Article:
OSLO, Norway — He has said it again and again, with increasing urgency, to anyone who will listen. And on Monday, former Vice President Al Gore used the occasion of his 2007 Nobel Peace Prize lecture here to tell the world in powerful, stark language: Climate change is a "real, rising, imminent and universal" threat to the future of the Earth.

Saying that "our world is spinning out of kilter" and that "the very web of life on which we depend is being ripped and frayed," Gore warned that "we, the human species, are confronting a planetary emergency — a threat to the survival of our civilization that is gathering ominous and destructive potential even as we gather here."

But, he added, "there is hopeful news as well: We have the ability to solve this crisis and avoid the worst — not all — of its consequences, if we act boldly, decisively and quickly."

The ceremony marking the 2007 prize, given to Gore and to the Intergovernmental Panel on Climate Change, comes as representatives of the world's governments are meeting on the Indonesian island of Bali to negotiate a new international agreement on reducing greenhouse gas emissions. The new treaty would replace the Kyoto protocol, which expires in 2012.

At the ceremony in Oslo's City Hall, Gore called on the negotiators to establish a universal global cap on emissions and to ratify and enact a new treaty by the beginning of 2010, two years early. And he singled out the United States and China — the world's largest emitters of carbon dioxide — for failing to meet their obligations in mitigating emissions. They should "stop using each other's behavior as an excuse for stalemate," he said.

In an interview before his speech, Gore said that the Bush administration was "the principal stumbling block to progress in Bali right now" but that he foresaw a change in American policy, regardless of which party wins the 2008 election.

"I think that they do not accurately represent the wishes of the American people," he said of the U.S. government. "We are in the midst of a process of massive change. The world is coming to grips with this crisis, but we are in a race against time. The United States of America, the natural leader of the world community, should lead instead of obstructing."

In his speech, Gore said his loss in the bitter 2000 presidential election "brought a precious if painful gift — the chance to focus on the environment.

The documentary about Gore's climate-awareness campaign, "An Inconvenient Truth," won an Academy Award, but its conclusions were dismissed as exaggerated and alarmist by his political opponents. He has repeatedly said that while he has no plans to re-enter politics, he has not ruled out the possibility.

Rajendra K. Pachauri, chairman of the international climate panel, gave the Nobel address on behalf of the group, a U.N. network of scientists. He presented a sober, fact-filled account focusing on the potential effects of climate change on some of the world's most vulnerable populations.

Pachauri, who is from India, said the prize committee's decision to award the Nobel to the panel "can be seen as a clarion call" for the world to face up to the gravity of the situation.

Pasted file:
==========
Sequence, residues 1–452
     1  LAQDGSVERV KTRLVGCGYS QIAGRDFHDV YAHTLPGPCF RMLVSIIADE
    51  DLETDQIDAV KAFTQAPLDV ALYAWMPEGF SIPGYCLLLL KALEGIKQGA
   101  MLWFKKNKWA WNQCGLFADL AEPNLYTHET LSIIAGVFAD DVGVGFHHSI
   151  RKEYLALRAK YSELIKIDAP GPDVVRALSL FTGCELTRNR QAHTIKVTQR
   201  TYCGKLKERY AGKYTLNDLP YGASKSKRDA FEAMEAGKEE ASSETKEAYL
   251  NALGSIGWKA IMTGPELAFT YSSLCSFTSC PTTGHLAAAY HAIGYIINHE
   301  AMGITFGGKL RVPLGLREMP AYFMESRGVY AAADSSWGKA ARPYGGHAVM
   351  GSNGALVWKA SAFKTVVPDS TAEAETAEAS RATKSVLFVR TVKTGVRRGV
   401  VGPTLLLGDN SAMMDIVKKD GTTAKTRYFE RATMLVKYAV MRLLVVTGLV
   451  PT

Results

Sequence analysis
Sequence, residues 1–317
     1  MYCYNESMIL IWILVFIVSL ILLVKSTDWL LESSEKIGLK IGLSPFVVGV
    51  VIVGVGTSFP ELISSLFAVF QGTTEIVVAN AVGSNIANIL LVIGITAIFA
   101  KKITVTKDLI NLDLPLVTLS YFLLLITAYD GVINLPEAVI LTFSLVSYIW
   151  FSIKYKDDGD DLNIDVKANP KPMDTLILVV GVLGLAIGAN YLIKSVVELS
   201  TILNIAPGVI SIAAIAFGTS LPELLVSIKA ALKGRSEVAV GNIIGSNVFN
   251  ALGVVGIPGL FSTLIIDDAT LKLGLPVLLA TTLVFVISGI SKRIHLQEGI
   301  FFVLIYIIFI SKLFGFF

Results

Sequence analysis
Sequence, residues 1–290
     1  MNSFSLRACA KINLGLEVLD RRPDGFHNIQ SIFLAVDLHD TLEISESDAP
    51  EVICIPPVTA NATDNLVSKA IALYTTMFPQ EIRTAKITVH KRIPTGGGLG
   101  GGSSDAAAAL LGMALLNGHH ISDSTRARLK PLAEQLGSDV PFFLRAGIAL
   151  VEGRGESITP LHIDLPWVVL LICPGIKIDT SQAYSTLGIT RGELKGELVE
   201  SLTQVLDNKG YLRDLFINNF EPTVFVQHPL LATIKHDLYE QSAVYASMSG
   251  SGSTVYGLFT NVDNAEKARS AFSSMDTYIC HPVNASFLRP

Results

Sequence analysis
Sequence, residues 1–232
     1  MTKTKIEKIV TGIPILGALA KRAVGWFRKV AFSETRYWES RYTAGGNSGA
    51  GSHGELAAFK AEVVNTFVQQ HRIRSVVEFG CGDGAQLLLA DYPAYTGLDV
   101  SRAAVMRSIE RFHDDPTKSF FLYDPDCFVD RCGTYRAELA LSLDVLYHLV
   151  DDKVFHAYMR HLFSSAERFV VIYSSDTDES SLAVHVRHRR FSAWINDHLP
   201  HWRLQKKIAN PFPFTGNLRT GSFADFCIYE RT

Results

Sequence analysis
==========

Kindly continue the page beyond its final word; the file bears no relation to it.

"Peace can be defined as security and the secure access to resources that are essential for living," he said. He outlined how climate-driven disruption of resources like food, water and land had the potential for disastrous effects on world stability, including the loss of islands and coastal communities to flooding, mass migration leading to increased tensions between rich and poor countries, and a rise in disease and malnutrition.

"The impacts of climate change on some of the poorest and most vulnerable communities in the world could prove extremely unsettling," Pachauri said.

The climate panel, which is considered the world's leading authority on climate change, was established in 1988. In the past two decades, it has issued a series of increasingly grim reports, most recently this year, about the warming of the planet and human responsibility for it.

Speaking of the meeting in Bali, Pachauri said that "hopes are alive that unlike the sterile outcome of previous sessions in recent years, this one will provide some positive results."

In his speech, Gore invoked Churchill, Robert Frost, Gandhi, the Spanish poet Antonio Machado, and the Norwegian playwright Henrik Ibsen, among others, to underline the urgency of his message. He wrote the speech himself, he said in the interview, "with the help of Mr. Google."

During the Cold War, he said in the address, scientists used to warn of "nuclear winter" — the consequence of nuclear war, in which smoke and debris would block the sunlight from the atmosphere. Now, he said, "we are in danger of creating a permanent 'carbon summer,"' in which pollution traps the heat that is normally radiated back out of the atmosphere.

"As the American poet Robert Frost wrote, 'Some say the world will end in fire; some say in ice,'" Gore said. "Either, he notes, 'would suffice.'" Gore said now is the time "to make peace with the planet."

He added: "The future is knocking at our door right now. Make no mistake, the next generation will ask us one of two questions. Either they will ask, 'What were you thinking; why didn't you act?' Or they will ask instead, 'How did you find the moral courage to rise and successfully resolve a crisis that so many said was impossible to solve?"'


Contributing: Walter Gibbs